A few examples of some of the greatest 20th-century African-American art will be on display at the Gallery of Contemporary Art at the University of Colorado at Colorado Springs beginning this Friday.
This world-class exhibition, titled Living with Art: Modern and Contemporary African American Art from the Collection of Alitash Kebede, may be one of the last of its kind for some time at the struggling GCA, said gallery director Gerry Riggs.
"This may be the last big national show I can afford for awhile as the granting agencies and grants have all but dried up," Riggs said.
Until the funding situation improves, he'll be forced to limit the scope of the gallery's shows, focusing primarily on regional art instead of the mix of regional, national and international shows the gallery normally hosts.
While the outlook for high-caliber shows of national and international import appears grim, local artists, students, teachers and aficionados now have an opportunity to educate themselves about a chapter of American art history that has, until recently, been largely overlooked.
Culled from the private collection of Alitash Kebede -- an Ethiopian expatriate who came to the United States with her family after the death of Emperor Haile Selassie in 1975 and began avidly collecting African-American art -- the show presents 74 works by 40 20th-century artists who are only now becoming household names.
Many of the artists in the show -- including Charles White, Jacob Lawrence and Romare Bearden -- were featured in an article in Art News magazine this past September titled "The Rise of African American Art."
Writer Eileen Kinsella points out that the recent rise in prices of African-American art at auction houses indicates a never-before-seen degree of collectibility and acceptance of African-American art, but some wonder why these works must necessarily be labeled "African-American."
"But even as demand and prices for the work of major artists soar," writes Kinsella, "curators and dealers are trying to strike a balance between highlighting the cultural significance and achievements of black artists and integrating their work into the broader category of American art."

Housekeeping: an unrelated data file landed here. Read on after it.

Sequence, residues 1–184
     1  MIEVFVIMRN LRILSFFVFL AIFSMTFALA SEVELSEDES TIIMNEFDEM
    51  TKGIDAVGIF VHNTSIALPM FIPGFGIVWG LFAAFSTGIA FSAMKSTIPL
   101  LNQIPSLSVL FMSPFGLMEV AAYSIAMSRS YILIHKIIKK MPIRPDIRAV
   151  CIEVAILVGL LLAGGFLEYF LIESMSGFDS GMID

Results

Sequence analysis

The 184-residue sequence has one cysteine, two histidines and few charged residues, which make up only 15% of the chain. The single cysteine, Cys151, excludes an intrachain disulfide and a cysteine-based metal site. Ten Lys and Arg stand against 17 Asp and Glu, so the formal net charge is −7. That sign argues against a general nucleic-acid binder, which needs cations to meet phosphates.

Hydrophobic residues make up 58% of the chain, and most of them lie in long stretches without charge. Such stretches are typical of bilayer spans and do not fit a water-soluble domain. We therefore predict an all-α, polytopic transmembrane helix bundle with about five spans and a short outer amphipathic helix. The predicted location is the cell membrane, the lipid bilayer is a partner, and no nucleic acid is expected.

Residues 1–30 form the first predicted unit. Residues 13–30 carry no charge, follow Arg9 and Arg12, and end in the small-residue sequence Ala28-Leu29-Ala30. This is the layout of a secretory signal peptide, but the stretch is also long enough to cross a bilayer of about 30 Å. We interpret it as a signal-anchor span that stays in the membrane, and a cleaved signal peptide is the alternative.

Undoubtedly, everyone who sees the show will, at some point, ask themselves: What, exactly, ties these artists together other than the fact that they are African-American? How does one categorize works as diverse as Richard Mayhew's gorgeous and ethereal landscape "Meadow"; Herbert Gentry's thoroughly modern, kinetic lines; Palmer Hayden's folksy Harlem Renaissance painting "Steps of Baltimore;" and the entirely abstract work of Sam Gilliam?
Such aesthetic dissonance may, ultimately, prove to be useful as art historians begin to reassess the work of these nearly forgotten artists -- proving to audiences and collectors that race-based rubrics are helpful only when trying to uncover works of art that have been overlooked because of the color of the artists' skin. Other than the fact that many of the paintings, drawings and prints take blacks as their subject matter, the show might otherwise read like a secret history of 20th-century art.
Bearden, Lawrence and White, for example, all masterfully typify Works Progress Administration-era social realism and expressionism.
As a young man in the 1930s, Bearden studied with heavy hitters like the German expressionist George Grosz and modernists Joan Mir and Henri Matisse, and traces of the politics and aesthetics of all these artists can be found in the flattened, almost cubist look of his civil-rights era narratives.
Lawrence's serigraphs and gouache paintings -- collected by the Metropolitan Museum of Art and the Museum of Modern Art in New York City -- are equally stunning as histories, compositions and palettes. "Confrontation at the Bridge" depicts an eerily ambiguous scenario of a group of blacks trying to cross a bridge guarded by a Cerberus-like hellhound.
One of the real treats of the exhibition is the work of Emilio Cruz. "Umbrella" illustrates a black man's head atop a batlike umbrella while a disembodied hand holds the hooked handle. The vision, while concisely surreal, is one of comfort, protection and brooding rage all at once. One of Cruz's monumental "Tree of Life" pastel drawings is also on display along with a portrait of Alitash Kebede.
Also spectacular are the contemporary portraits of Africans on old wallpaper in ornate plastic frames by Allison Saar (whose mother and sister are also represented in the show). While self-consciously referencing African folk art, the portraits such as "Young Woman from Mali" and "Man with 'Nkrumah' Haircut" have a mythic timelessness and tenderness that should undoubtedly earn her recognition alongside more celebrated contemporary African-American artists like Kara Walker.
-- Noel Black
Living with Art: Modern and Contemporary African American Art from the Collection of Alitash Kebede
Gallery of Contemporary Art at UCCS 1420 Austin Bluffs Parkway
Opening reception: Friday, Oct. 24 from 5 to 7:30 p.m.
Gallery is open Monday Friday from 10 a.m. to 4 p.m. and Saturdays from 1 p.m. to 4 p.m.
The show runs through Dec. 19